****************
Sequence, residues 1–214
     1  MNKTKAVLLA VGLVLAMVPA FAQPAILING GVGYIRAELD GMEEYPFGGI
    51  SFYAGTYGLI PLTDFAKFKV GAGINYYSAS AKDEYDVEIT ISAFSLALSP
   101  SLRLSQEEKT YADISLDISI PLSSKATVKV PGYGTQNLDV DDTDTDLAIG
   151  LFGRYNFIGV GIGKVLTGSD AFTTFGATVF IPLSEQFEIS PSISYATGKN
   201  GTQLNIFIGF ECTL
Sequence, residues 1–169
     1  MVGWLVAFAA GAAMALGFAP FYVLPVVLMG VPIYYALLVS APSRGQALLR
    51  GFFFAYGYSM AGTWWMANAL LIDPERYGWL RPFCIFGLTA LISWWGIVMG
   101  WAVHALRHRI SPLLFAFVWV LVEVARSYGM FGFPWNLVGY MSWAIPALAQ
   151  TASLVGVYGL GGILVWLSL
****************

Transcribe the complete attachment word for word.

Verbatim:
Sequence, residues 1–214
     1  MNKTKAVLLA VGLVLAMVPA FAQPAILING GVGYIRAELD GMEEYPFGGI
    51  SFYAGTYGLI PLTDFAKFKV GAGINYYSAS AKDEYDVEIT ISAFSLALSP
   101  SLRLSQEEKT YADISLDISI PLSSKATVKV PGYGTQNLDV DDTDTDLAIG
   151  LFGRYNFIGV GIGKVLTGSD AFTTFGATVF IPLSEQFEIS PSISYATGKN
   201  GTQLNIFIGF ECTL
Sequence, residues 1–169
     1  MVGWLVAFAA GAAMALGFAP FYVLPVVLMG VPIYYALLVS APSRGQALLR
    51  GFFFAYGYSM AGTWWMANAL LIDPERYGWL RPFCIFGLTA LISWWGIVMG
   101  WAVHALRHRI SPLLFAFVWV LVEVARSYGM FGFPWNLVGY MSWAIPALAQ
   151  TASLVGVYGL GGILVWLSL